A good friend of mine from seminary who has been a pastor for about 15 years recently shared a book with me. It is by the conservative pastor of Redeemer Presbyterian Church in Manhattan, Timothy Keller. Keller is probably the most popular Reformed preacher in America today, and the book, his thirteenth, is Generous Justice.
My friend sent me the book on the heels of my praise on Facebook of our alma mater, Princeton Seminary, reversing a decision to award Keller the distinguished Kuyper Prize, the seminary’s annual award for “Excellence in Reformed Theology and Public Witness.” The reason Princeton Seminary reversed its decision was based on the fact that Keller’s conservative views on LGBTQ rights and women clashed with Princeton Seminary’s and the Presbyterian Church of the USA’s stance. Keller is a part of the conservative branch of the Presbyterian Church – the Presbyterian Church of America.
My position was that revoking the prize was not censorship or a limit on academic freedom. Instead, it was in keeping with institutional priorities and values – the school should not celebrate a person who directly conflicts with the views of the students, faculty, and the church it represents. The seminary decided not to award anyone the prize in 2017 and still had Keller to campus to speak.
My friend disagreed and thought that even if I thought Keller’s views on gays and women in the church were wrongheaded, I should investigate his other views on matters such as social justice. So, he sent me Generous Justice. I am reading it now and am taking a lot from it, while reserving my personal ire for Keller and the PCA’s stance, and I am doing this to find common ground with someone with whom I vehemently disagree. So, in an effort to help others do the same, I am going to encourage you to read this passage from the book my friend sent me. What do you think of it? Can you find common ground with someone with whom you have profound differences?
Justice is Right Relationships
“We must have a strong concern for the poor, but there is more to the Biblical idea of justice than that. We get more insight when we consider a second Hebrew word that can be translated as ‘being just,’ though it is usually translated as ‘being righteous.’ The word is tzadeqah, and it refers to a life of relationships. Bible scholar Alec Motyer defines ‘righteous’ as those ‘right with God and therefore committed to putting right all other relationships in life.’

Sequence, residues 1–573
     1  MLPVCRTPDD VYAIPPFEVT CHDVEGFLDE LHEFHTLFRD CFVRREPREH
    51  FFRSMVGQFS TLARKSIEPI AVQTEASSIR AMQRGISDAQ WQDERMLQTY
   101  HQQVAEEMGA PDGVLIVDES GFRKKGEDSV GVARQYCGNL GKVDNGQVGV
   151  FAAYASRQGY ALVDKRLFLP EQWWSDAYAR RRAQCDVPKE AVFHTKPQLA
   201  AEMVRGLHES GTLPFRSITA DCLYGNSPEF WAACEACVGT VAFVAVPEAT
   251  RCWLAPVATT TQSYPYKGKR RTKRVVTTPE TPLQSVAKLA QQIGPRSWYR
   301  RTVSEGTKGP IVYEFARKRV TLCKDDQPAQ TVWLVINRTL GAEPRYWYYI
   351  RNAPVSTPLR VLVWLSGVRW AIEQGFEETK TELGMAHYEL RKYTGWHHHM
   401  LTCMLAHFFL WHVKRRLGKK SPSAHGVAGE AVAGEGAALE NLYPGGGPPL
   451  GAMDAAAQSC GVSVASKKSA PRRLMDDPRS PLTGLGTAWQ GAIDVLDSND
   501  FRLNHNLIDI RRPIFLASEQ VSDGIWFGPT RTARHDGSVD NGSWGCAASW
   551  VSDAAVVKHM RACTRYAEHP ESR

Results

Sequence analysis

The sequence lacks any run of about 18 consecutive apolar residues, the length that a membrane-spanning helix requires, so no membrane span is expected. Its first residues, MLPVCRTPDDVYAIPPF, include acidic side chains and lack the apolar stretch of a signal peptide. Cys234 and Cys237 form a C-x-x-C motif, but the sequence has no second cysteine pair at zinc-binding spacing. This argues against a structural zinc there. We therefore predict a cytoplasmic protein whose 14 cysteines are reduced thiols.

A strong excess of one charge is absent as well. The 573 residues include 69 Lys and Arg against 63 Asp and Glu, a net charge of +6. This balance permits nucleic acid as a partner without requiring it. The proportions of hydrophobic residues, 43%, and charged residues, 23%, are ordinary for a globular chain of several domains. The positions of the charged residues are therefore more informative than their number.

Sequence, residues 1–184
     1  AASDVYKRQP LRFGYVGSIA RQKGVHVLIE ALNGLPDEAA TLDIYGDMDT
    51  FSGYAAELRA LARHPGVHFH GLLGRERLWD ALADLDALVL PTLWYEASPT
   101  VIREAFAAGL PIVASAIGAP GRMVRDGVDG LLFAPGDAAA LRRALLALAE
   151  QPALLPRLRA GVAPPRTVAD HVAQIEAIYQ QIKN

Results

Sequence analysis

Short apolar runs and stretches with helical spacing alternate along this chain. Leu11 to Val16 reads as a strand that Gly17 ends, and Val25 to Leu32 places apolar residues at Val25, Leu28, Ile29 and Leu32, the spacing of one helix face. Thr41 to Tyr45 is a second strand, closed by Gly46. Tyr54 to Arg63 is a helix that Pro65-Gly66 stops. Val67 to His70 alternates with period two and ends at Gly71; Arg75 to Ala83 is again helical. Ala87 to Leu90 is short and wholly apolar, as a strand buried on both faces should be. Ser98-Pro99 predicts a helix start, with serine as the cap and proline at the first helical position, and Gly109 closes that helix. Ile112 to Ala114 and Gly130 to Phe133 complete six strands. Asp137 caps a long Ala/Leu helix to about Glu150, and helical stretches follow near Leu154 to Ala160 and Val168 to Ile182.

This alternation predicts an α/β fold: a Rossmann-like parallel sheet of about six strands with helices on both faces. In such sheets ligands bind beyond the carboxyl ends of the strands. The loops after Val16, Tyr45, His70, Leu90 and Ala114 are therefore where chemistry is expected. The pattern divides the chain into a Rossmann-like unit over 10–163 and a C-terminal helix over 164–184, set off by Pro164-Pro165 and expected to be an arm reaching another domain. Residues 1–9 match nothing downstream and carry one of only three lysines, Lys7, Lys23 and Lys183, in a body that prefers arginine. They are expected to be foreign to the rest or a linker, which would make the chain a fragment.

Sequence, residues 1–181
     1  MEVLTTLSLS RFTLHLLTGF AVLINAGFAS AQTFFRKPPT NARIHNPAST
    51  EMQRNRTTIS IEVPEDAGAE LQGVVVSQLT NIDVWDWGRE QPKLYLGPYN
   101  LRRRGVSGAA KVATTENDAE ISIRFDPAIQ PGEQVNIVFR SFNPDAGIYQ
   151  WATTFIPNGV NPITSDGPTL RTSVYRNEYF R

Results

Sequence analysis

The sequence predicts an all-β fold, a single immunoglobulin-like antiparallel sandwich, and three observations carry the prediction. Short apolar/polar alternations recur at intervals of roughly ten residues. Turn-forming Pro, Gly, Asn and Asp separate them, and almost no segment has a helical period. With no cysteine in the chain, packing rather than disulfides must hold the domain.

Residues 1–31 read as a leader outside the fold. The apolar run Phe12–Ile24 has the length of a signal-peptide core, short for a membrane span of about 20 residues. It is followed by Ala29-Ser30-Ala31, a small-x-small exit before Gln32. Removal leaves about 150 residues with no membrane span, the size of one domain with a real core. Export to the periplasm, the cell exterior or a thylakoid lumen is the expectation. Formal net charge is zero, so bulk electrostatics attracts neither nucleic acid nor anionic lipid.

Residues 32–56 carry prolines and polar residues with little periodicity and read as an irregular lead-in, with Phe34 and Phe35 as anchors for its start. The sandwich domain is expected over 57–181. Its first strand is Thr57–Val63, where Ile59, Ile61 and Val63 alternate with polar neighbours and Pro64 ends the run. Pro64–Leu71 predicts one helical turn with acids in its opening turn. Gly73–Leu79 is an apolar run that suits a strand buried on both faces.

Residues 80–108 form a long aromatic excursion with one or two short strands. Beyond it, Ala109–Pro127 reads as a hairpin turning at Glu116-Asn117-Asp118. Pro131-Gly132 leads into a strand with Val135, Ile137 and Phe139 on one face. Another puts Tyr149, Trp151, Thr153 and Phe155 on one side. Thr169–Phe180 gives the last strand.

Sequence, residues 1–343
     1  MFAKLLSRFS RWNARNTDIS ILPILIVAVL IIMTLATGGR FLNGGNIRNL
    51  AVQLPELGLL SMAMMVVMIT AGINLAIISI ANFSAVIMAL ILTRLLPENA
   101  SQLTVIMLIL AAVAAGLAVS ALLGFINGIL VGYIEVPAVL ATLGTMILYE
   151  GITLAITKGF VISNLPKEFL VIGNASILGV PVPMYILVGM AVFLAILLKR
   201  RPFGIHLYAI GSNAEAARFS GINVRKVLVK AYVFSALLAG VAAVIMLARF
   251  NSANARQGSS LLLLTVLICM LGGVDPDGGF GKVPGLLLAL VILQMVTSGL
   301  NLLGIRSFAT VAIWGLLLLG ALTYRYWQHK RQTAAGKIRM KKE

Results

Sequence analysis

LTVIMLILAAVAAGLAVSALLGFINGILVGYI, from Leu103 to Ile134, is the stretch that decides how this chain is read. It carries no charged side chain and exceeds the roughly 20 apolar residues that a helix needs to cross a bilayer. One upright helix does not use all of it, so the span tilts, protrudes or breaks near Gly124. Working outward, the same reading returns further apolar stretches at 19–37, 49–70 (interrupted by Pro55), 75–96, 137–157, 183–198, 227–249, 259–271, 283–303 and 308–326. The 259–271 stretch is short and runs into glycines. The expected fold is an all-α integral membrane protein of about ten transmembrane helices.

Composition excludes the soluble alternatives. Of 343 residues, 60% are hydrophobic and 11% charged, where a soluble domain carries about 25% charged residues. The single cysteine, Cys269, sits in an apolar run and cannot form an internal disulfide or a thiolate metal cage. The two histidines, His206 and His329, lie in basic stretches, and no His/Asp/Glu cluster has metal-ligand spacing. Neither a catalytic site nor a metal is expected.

This means, then, that Biblical righteousness is inevitably ‘social,’ because it is about relationships. When most modern people see the word ‘righteousness’ in the Bible, they tend to think of it in terms of private morality, such as sexual chastity or diligence in prayer and Bible and Bible study. But in the Bible tzadeqah refers to day-to-day living in which a person conducts all relationships in family and society with fairness, generosity, and equity. It is not surprising then, to discover that tzadeqah and mishpat (Hebrew for ‘justice’) are brought together scores of times in the Bible.
These two words roughly correspond to what some have called ‘primary’ and rectifying justice.’ Rectifying justice is mishpat. It means punishing wrong-doers and caring for the victims of unjust treatment. Primary justice, or tzadeqah, is behavior that, if it was prevelant in the world, would render rectifying justice unnecessary, because everyone would be living in right relationship to everyone else. Therefore, though tzadeqah is primarily about being in a right relationship with God, the righteous life that results is profoundly social. A passage in the book of Job illustrates what this kind of righteous or just-living person looks like:
I rescued the poor who cried for help, and the fatherless who had none to assist him. The man who was dying blessed me; I made the widow’s heart sing. I put on righteousness [tzadeqah] as my clothing; justice [mishpat] was my robe and turban. I was eyes to the blind and feet to the lame. I was a father to the needy; I took up the case of the immigrant. I broke the fangs of the wicked and snatched the victims from their teeth.
If I have denied justice [mishpat] to my menservants and maidservants when the had a grievance against me, what will I do when God confronts me? …If I have denied the desires of the poor or let the eyes of the widow grow weary, if I have kept my bread to myself, not sharing it with the fatherless–but from my youth I reared him as would a father, and from my birth I guided the widow–if I have seen anyone perishing for lack of clothing, or a needy man without a garment, and his heart did not bless me for warming him with the fleece from my sheep, if I have raised my hand against the fatherless, knowing that I had influence in court, then let my arm fall from the shoulder, let it be broken off at the joint. …these also would be sins to be judged, for I would have been unfaithful to God on high.
Francis I. Anderson points out in his commentary on Job that this is one of the most important texts in the Scripture for the study of Israelite ethics. It is a complete picture of how a righteous Israelite was supposed to live, “and to [Job], right conduct is almost entirely social. …In Job’s conscience…to omit to do good to any fellow human being, of whatever rank or class, would be a grievous offence to God.””
I will end my quote from the book there although Keller goes on throughout the book to make the case that justice for the poor, downtrodden, widows, orphans, and the like is highlighted throughout scripture. “Doing justice” is a keystone of the Christian faith, and I could not agree more. Now if only Keller would extend that line of thinking to LGBTQ and women, we’d be on to something big!